Intensity, duration of drug shortages are spiking, FDA says

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The FDA is not only seeing an increased incidence of drug shortages,  there's also been a jump in the intensity and duration of the shortages, according to Regulatory Focus.

Matthew Rosenberg, a senior operations research analyst at the FDA, discovered the trend after analyzing FDA archives and IQVIA national sales databases to better understand drug shortages in terms of occurrence, duration, intensity and potential health effect. He presented the results at an FDA and Duke Margolis Center for Health Policy event Nov. 27.

Mr. Rosenberg found that shortages have become more prevalent in the last year, there are more persistent shortages than ever before, and the intensity of drug shortages has spiked as more than two-thirds of historical volumes have been unavailable.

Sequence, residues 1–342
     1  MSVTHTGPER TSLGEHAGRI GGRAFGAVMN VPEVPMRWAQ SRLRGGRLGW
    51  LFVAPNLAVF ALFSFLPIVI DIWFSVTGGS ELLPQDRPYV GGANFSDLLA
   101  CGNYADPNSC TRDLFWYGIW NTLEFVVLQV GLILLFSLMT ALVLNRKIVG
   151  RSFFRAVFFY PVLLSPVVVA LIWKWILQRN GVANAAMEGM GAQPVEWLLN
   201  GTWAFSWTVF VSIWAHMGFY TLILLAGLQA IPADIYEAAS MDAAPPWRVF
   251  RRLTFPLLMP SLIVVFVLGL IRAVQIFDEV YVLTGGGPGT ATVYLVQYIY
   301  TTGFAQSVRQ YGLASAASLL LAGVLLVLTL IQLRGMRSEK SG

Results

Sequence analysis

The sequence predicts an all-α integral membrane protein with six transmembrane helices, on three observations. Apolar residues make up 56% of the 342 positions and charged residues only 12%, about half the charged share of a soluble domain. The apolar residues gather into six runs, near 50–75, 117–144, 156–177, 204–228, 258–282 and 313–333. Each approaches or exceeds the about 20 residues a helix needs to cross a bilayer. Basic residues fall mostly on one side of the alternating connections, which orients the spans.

At the presentation, Mr. Rosenberg highlighted that some active drug shortages have lasted more than eight years, including liotrix tablets, multivitamin infusions and leucovorin calcium powder for injection.

"These examples really underscore the challenges of anticipating and coping with long-lasting drug shortages," Mr. Rosenberg said.

The FDA said it remains committed to helping reduce drug shortages but it can’t require a company to disclose why a shortage occurs, make a drug or produce higher volumes of the drug.

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